Zero Carbon Charge starts building solar-powered EV charging stations in South Africa

Zero Carbon Charge (Zero CC) has started the development of a network of solar-powered electric vehicle charging stations across South Africa’s national routes. This network aims to promote and support the growth of the country’s EV industry by providing off-grid charging stations, which will alleviate strain on energy generation resources and reduce carbon emissions.

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According to Zero CC co-founder Joubert Roux, the first facility, featuring a 1MW solar farm and equivalent storage capacity, is under construction in Wolmaransstad, North West province, and is expected to be operational by July. The company envisions two key factors for EV adoption: the availability of EVs priced below R500,000 and a reliable national charging network.

Zero CC plans to construct two types of charging stations: 1MW facilities for passenger and commercial vehicles up to 8 tons, and 35MW facilities for electric trucks. Six 35MW sites are planned along the N3 route between Johannesburg and Durban, with an additional 120 stations planned along other national routes. The total cost of the network is estimated at R1.8 billion, which Zero CC intends to finance privately.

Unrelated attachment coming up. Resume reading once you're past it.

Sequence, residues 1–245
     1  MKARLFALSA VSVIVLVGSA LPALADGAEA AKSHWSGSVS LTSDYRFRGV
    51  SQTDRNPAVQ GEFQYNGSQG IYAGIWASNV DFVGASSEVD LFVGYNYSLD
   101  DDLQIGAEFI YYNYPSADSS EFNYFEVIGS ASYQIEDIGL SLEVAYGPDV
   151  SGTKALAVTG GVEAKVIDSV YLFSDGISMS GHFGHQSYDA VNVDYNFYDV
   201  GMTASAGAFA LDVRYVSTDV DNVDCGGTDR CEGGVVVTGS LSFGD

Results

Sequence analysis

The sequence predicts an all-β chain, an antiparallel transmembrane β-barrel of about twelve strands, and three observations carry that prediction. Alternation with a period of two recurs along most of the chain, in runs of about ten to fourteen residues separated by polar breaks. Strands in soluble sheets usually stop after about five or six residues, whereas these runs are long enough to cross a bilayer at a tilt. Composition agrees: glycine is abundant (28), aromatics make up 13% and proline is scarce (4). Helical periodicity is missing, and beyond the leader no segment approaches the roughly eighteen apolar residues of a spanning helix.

The charging stations will be positioned at 150km intervals across the country to cater to the average EV range of 300km. Both types of stations will offer 480kW supercharging capabilities via air-cooled 200A cables and liquid-cooled 500A cables. The passenger vehicle sites require around 2.5 acres of land, mainly for solar panels, while truck sites demand at least 150 acres to accommodate additional infrastructure.

Zero CC’s ecosystem will include an app to assist motorists with trip planning and payments. The company uses a post-paid system to avoid charging interruptions and also offers card payment options. The connectors adhere to the combined charging system standard, supporting type-1 and type-2 charging ports.

However, the rollout faces significant challenges, including security risks from syndicates targeting battery storage sites and obstacles in navigating national and local government permitting procedures. Zero CC estimates it needs a total of 7,500 acres of land and must conduct environmental impact studies for permitting. Securing permits can be challenging, particularly when sites are located on high-value agricultural land.

Seasonal variations in daylight hours and solar irradiation also pose a challenge. Zero CC anticipates an 87% year-round security of supply and will use on-site, biofuel-based backup generators to offset any shortfalls.